The best restaurant and the wurst hotel in Antigua, Guatemala

     Chicken, broccoli, rice, potatoes, radishes, and a drink of pineapple juice with chunks of pineapple.

     I was going to write about medical tourism in Guatemala next, but my friend’s maladies haven’t fully played out, so in the meantime I need to share gastronomic and lodging secrets—another free gift from The Dromomaniac! Thank me later.
     The food find of the city is a breakfast and lunch place called Rincon Tipico (Typical Corner) on 3a Avenida Sur #3 between 5a and 6a Calle, or from the southeast corner of the main square, it’s one block east and one and a half blocks south. You know you’re near when you see billows of smoke pouring out on to the street which makes you pause for a moment to wonder if the place is on fire. You have to enter evacuation-style through a haze of smoke and when you get through and stop coughing you notice the cause of this smoke: a girl standing with a hair dryer in her hand, blowing on the grill. (Finally, I’m qualified for a job. I wonder how that would look on my resume: “Rincon Tipico Restaurant, Lead Hair Dryer, 2012-2013.”)
     It’s not really a restaurant, but a temporary set-up in a garage. There isn’t a menu either. Every day there is a selection of roast chicken, beef or pork, longaniza or chorizo (both are sausages, but the chorizo I’ve seen on this trip is much nicer than the mysterious gooey stuff found in American supermarkets) and sometimes a surprise or two, plus several side dishes and a drink. The total for this feast is 20 quetzales (7.88 quetzales = US$1) making it the Holy Mother of All Deals Beyond All Reasonable Doubt. It isn’t just cheap, though. I wouldn’t eat it every day just because it is a great deal. OK, that’s a lie, I totally would, but really, it is full-on delicious.

     It’s the most uninviting pic ever, I know, but this is the view from the street when it doesn’t appear to be a five-alarm fire.

     Hair Dryer Woman—I’m coming after your job!—with big pots of the side dishes behind her.

     Fresh homemade tortillas, found everywhere in Guatemala, though these are bigger and thicker than normal, which are still bigger and thicker than in Mexico. In Mexico tortillas were nice and thin. Why is it impossible to find such thin tortillas in USA?

     Longaniza is a sausage that is usually fatty and spicy, but here tastes more like a lean herb sausage.

     The pork adobado, my favorite, with all of this for lunch means you aren’t hungry for dinner.

     A vegetarian meal is only 15 quetzales. The muddy-looking liquid in the cup is horchata, a rice and cinnamon drink, very nice and smooth unlike most horchatas I’ve had.

     In the evenings when Rincon Tipico is closed, I often go see an old woman named Juana who sells tamales called chuchitos on the corner of La Merced Church north of the center. 5 quetzales. Don’t be shy about yelling your order as she’s very hard of hearing.

     The best hotel is above a German sausage place called Wurst Eck (Sausage Corner), but there are only a couple of rooms and it appears to usually be full. In fact, I am reticent to say more about it because I don’t want someone among my vast, vast readership to steal it from me. It’s US$250 if you stay a month or we pay 100 quetzales ($12.65) a night for the cleanest, most modern place I’ve stayed on this trip very near Parque Central and yet quiet. That’s all I’m going to say. Shhhhhh…..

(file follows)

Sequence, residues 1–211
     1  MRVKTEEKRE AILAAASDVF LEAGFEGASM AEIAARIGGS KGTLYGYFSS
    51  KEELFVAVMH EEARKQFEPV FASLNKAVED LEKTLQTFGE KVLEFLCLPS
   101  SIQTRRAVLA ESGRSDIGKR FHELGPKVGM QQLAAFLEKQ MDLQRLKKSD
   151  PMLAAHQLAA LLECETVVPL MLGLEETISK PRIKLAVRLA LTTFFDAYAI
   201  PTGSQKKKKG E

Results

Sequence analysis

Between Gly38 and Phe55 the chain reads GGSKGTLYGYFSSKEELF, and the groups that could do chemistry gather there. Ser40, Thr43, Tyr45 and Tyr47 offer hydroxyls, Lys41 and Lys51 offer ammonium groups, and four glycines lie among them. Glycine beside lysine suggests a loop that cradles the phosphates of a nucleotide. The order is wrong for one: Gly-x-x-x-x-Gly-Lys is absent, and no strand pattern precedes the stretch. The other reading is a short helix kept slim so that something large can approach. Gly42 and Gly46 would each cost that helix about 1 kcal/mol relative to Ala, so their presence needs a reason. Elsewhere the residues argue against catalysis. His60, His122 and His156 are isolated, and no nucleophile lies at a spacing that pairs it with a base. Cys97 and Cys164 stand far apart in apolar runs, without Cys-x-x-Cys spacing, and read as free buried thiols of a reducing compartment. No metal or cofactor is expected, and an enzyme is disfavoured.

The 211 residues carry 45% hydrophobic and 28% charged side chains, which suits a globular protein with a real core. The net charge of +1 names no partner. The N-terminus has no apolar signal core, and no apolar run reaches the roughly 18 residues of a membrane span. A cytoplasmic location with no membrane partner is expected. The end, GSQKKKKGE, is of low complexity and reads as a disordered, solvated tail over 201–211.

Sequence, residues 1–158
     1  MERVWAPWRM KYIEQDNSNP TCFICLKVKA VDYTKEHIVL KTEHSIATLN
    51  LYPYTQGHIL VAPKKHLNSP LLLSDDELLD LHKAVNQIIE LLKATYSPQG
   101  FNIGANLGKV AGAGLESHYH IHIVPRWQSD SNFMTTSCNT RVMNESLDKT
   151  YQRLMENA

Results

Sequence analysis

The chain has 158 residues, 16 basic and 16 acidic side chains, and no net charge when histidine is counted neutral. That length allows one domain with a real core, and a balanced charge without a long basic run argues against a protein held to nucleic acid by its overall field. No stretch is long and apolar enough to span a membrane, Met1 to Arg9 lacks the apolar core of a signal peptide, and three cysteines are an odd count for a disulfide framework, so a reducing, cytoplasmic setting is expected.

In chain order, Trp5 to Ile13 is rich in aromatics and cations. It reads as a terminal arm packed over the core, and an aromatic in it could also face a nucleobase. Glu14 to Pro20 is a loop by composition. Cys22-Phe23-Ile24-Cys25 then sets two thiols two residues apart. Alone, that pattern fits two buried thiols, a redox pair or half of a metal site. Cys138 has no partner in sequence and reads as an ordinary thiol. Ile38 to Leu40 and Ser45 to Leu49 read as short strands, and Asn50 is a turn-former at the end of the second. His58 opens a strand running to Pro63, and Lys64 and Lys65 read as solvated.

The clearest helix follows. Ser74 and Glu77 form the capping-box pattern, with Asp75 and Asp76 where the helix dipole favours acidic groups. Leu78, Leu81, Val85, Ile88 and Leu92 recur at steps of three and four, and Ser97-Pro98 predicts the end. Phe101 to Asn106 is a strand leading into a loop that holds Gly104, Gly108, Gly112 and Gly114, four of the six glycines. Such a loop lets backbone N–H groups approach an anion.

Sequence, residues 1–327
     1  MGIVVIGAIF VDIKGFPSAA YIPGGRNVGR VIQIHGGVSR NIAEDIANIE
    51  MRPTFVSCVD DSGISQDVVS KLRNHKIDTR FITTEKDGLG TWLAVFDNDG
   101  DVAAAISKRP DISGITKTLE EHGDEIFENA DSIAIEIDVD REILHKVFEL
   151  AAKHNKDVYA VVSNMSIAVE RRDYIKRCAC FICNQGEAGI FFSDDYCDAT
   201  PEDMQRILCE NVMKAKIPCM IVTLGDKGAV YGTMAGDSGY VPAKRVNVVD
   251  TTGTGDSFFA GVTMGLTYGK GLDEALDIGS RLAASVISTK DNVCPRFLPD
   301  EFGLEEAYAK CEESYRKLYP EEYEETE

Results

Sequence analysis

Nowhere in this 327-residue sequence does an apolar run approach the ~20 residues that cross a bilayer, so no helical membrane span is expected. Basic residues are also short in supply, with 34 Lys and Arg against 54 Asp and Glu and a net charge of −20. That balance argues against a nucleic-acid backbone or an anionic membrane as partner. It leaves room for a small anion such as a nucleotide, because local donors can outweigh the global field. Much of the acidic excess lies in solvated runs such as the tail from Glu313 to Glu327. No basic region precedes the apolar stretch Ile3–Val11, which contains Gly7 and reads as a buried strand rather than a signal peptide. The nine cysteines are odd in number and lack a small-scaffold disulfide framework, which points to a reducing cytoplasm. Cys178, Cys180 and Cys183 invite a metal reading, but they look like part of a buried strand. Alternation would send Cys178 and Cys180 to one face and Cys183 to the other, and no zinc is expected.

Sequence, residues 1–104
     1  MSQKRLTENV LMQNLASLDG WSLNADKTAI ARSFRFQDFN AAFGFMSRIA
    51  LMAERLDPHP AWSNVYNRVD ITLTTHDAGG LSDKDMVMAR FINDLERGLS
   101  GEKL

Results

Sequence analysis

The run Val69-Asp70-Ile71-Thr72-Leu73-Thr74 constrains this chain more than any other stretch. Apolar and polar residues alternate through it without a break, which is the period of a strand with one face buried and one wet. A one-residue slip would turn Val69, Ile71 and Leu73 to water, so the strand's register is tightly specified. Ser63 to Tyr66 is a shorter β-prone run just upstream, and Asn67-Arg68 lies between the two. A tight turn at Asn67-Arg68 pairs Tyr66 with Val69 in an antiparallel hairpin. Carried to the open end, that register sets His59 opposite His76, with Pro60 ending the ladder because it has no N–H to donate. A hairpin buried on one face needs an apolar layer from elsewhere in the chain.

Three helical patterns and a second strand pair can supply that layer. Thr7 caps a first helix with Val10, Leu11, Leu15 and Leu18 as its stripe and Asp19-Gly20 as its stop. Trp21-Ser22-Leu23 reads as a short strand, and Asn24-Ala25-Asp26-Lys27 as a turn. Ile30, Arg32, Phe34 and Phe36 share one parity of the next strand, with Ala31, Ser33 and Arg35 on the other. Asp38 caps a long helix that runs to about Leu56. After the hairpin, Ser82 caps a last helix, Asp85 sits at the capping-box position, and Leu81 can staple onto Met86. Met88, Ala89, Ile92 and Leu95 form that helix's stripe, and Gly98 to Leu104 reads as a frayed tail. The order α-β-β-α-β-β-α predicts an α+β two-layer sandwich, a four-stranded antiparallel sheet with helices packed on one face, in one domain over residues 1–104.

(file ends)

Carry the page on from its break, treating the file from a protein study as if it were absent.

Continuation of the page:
Practical information:
     Dealing with money is surprisingly full of hassle in Antigua. There are ATMs on the north side of the main square, Parque Central, that steal your code and clean out your bank account. It seems to be a well-known secret that no one can do anything about. (Do a search for “atm scam antigua guatemala” and see the results.) I use the yellow 5B ATM machines and have yet to have a problem, but I check my bank account online every day to be sure.
     If you bring cash, bring US dollars, and if you bring US dollars, bring them in denominations of at least $50 or no bank will take them except for one. I asked a couple of banks what is so special about $50 bills and they say “politicas” (policies). When I tell them that that’s not a reason, they shrug their shoulders. The only bank that will change any denomination of US dollars is BAC on the west side of the Parque Central, but there is a $100 minimum, the process takes a bit of time and they charge $1.50 commission.
     If you want to hang out in front of Yellow House Hostel and suck some wifi, the code is 7B53F82AC3—but you didn’t hear it from me.
     Why don’t you stay with me? You can follow along with RSS or subscribe to an email feed.

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The best restaurant and the wurst hotel in Antigua, Guatemala — 7 Comments

  1. I love the wifi tip. There was an underground network in Bukhara that quietly passed around the password to the only known wifi in town, and I thought it was an amazing evolution of the backpacker mindset.

    Out of curiosity, does the adobado taste anything like Adobo from the Philippines? Lots of vinegar and soy, paprika and bay leaves, slow stewed for a while? I’ve got this theory that they both evolved from Spanish Colonialism.

  2. I have a good friend who lived for a few months in Guatemala. He came back with mixed feelings. He talked about killings because of drugs and power. That was like three years ago. How is it now? Do you think it’s a safe place?

  3. Stop showing all the food pictures, I keep drooling onto my laptop. You WILL make this food when you next come through Kamloops.

  4. Pingback: Travel Information About Guatemala - Central America Blogs - Fluent In Frolicking

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